These are extremely helpful tips though if you have total free reign over the dish.

    1. That’s so true Matt! I also work with recipes that cannot be changed and I respect that of course – I always talk to my clients about it though. If they show me a beautiful image for inspiration and their dish is much more plain – I will say to them, that the dish from the inspiration looks beautiful because it was decorated with garnish. On many occasions my clients were happy for me to add some garnish if we both agreed to what it was going to be. Photos for a clients are always a result of a teamwork. I find that clients always listen and trust a photographer as they want the final images to be beautiful. I recently shot meat recipes that didn’t include any garnish and could not be changed and the only way to jazz it all up was to use STUNNING props! I talked to the client about it and we shot the dishes on subtle but beautifully patterned platters – the props saved this project ๐Ÿ™‚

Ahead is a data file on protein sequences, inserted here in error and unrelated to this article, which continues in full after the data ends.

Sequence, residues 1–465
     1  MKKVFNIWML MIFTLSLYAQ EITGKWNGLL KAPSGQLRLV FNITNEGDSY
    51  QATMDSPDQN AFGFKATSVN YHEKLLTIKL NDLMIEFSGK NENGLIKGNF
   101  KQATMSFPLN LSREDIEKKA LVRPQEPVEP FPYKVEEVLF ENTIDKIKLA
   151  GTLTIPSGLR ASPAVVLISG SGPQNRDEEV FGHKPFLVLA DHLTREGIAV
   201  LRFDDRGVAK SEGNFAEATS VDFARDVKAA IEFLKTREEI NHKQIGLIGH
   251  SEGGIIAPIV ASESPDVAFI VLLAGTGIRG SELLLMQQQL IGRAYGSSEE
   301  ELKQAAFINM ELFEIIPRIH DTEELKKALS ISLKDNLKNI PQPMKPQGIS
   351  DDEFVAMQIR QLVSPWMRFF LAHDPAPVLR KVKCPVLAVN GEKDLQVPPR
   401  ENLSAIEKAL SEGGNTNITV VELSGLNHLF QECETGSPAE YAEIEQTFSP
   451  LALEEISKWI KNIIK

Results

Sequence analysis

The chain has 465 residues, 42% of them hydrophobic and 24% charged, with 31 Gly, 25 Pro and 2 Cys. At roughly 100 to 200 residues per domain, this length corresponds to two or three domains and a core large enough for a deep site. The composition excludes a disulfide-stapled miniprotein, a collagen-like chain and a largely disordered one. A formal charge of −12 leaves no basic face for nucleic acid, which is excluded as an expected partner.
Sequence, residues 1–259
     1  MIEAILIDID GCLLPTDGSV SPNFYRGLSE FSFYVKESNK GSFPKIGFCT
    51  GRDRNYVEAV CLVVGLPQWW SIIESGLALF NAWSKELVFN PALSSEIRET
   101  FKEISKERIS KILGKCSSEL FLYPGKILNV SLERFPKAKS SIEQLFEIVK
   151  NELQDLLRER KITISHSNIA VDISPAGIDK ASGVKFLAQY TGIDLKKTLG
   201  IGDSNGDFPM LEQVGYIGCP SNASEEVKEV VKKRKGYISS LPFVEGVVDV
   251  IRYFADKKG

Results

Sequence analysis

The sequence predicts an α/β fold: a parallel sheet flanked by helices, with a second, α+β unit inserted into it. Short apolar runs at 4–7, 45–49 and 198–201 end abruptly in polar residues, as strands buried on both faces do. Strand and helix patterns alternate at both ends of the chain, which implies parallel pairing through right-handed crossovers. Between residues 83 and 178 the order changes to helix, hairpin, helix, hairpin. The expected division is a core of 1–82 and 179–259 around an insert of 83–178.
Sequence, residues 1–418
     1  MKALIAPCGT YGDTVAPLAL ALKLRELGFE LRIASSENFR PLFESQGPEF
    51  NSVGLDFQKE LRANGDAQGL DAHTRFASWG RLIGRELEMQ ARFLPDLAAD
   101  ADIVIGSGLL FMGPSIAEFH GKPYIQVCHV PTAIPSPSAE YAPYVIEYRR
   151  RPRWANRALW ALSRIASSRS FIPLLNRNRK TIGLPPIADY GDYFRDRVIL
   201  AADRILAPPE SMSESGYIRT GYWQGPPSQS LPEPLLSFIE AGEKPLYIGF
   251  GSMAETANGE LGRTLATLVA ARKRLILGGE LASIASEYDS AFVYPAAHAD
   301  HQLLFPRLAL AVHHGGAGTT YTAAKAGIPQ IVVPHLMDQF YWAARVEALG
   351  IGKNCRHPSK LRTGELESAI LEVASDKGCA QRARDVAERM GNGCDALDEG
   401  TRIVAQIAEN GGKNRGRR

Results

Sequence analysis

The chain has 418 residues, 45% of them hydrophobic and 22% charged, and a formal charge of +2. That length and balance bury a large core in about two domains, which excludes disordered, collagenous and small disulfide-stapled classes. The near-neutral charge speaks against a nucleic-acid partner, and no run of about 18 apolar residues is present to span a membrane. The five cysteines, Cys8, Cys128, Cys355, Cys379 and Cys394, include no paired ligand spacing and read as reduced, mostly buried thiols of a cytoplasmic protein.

7. These tips are really helpful. I am not that good in styling. It hasn’t been long since i’ve started food photograohy. I am learning a lot from you. Loved these pointers. I’ll try them for sure. Do you have a blog on artificial lighting ? That would be a great help as well

    1. Hey Harshita!!! How exciting that you have recently started a blog! I am so excited that you learn a lot from my blog post! I love sharing! I photograph with natural light only so sadly I don’t have any tips on artificial lighting. Do you know THE BITE SHOT? Joanie has a you tube channel and I am more than sure you’ll find some artificial lighting tips on there!

  8. Hi,
    Firstly this video and your tipps
    are sooo inspiring๐Ÿ’›.
    Secoundly I want you to ask: